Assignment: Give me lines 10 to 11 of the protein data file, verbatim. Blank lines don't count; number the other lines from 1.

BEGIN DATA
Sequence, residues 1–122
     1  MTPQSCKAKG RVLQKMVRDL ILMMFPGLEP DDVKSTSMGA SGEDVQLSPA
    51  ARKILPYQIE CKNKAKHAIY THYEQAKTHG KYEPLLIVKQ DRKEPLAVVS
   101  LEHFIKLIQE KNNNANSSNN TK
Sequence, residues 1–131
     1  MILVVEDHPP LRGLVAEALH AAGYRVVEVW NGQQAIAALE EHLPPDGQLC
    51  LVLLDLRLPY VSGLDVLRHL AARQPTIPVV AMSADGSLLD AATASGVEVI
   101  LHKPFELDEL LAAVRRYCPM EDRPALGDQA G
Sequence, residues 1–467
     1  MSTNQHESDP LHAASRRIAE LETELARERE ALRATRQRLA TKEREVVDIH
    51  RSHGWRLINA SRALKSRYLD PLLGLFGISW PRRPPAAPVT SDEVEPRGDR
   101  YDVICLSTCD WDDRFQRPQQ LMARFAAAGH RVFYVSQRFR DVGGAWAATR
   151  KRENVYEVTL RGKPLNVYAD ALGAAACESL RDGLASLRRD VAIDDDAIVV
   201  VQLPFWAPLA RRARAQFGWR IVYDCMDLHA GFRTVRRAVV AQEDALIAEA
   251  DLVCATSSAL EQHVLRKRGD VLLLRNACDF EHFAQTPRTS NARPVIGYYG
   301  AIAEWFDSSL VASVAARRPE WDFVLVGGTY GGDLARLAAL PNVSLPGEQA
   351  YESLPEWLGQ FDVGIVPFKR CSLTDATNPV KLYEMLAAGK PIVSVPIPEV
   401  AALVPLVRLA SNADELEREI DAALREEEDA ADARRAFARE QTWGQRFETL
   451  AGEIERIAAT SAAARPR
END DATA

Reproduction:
     1  MSTNQHESDP LHAASRRIAE LETELARERE ALRATRQRLA TKEREVVDIH
    51  RSHGWRLINA SRALKSRYLD PLLGLFGISW PRRPPAAPVT SDEVEPRGDR